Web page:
Instead of paying heed to this recognition that residency is, at best, a hybrid of education and employment, the Mares Court fell back on a 35-year-old decision from another appeals court that, without support or context, claimed: “[i]t is well-known that the primary purpose of a residency program is not employment or a stipend, but the academic training and the academic certification for successful completion of the program.” Davis v. Mann, 882 F.2d 967, 974 (5th Cir. 1989). Worse yet, the Davis Court simply waved away the significance of the contract between the resident and his program requiring annual pay for services.


This analytical approach is deeply problematic for several reasons.

First, as discussed above, residency and fellowship is—in reality—employment at least as much as it is education.

At the foundation of this issue are two U.S. Supreme Court decisions that examined constitutional due process in the context of dismissals from undergraduate and medical schools: Board of Curators of Missouri v. Horowitz, 435 U.S. 78 (1978) and Regents of University of Michigan v. Ewing, 474 U.S. 214 (1985). Both cases are frequently cited (though, not always entirely faithfully) for the proposition that courts are not to interfere with academic decisions which, in turn, means less “process” is due constitutionally to students.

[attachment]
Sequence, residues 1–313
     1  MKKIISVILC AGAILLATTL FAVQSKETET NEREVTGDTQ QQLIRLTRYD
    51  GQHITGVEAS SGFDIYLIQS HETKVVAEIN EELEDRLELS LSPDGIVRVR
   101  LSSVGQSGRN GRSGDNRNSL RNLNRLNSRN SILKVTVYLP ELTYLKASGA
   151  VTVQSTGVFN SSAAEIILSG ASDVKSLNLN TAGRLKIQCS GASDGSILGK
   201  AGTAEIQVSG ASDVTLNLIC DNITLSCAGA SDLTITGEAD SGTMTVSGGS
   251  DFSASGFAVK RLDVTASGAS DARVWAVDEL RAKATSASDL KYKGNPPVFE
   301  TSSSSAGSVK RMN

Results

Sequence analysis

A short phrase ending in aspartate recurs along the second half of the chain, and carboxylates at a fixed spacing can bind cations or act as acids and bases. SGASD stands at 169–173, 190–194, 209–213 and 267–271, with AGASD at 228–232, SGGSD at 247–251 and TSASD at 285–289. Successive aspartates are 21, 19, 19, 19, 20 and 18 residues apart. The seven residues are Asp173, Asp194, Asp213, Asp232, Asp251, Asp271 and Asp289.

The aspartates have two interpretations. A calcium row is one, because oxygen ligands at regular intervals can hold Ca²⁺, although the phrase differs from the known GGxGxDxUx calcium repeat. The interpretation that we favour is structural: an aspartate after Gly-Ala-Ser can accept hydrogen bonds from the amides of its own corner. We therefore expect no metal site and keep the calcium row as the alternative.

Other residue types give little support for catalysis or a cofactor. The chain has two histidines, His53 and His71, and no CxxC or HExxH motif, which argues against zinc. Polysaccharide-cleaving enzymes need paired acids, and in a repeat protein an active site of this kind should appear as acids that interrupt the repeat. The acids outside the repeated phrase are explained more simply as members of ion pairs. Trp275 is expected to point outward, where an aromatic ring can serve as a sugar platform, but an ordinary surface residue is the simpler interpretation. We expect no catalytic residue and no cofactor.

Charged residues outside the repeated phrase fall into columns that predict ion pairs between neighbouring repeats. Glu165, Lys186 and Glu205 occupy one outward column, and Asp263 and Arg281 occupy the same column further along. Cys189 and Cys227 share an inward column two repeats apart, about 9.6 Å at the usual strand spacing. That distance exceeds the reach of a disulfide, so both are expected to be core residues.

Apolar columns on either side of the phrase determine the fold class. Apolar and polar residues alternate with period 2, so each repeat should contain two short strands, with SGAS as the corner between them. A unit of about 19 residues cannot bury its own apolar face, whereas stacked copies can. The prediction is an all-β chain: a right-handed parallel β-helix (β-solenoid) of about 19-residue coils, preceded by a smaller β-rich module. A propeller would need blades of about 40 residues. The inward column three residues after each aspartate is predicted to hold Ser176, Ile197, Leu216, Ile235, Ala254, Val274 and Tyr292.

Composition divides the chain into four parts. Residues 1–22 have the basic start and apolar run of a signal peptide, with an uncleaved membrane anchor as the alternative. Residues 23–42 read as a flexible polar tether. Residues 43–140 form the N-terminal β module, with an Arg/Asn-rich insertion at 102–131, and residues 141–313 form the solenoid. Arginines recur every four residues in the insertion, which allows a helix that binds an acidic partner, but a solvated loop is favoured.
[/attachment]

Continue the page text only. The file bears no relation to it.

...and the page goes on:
However, undergraduate and medical school are quite distinguishable from residency and fellowship. In the former, students pay tuition to receive instruction and they offer no services for which they could be compensated. In the latter, residents and fellows receive wages for the valuable medical services they provide while simultaneously being trained in their chosen specialty, often working at or above the 80-hour week limits set by the ACGME. And, in residency and fellowship, the trainees have already attained the terminal degrees in their field and, in many cases, are licensed physicians. The “academic certification for successful completion of the program” discussed by the Davis Court is more akin to a vocational or professional credential than an academic “diploma.”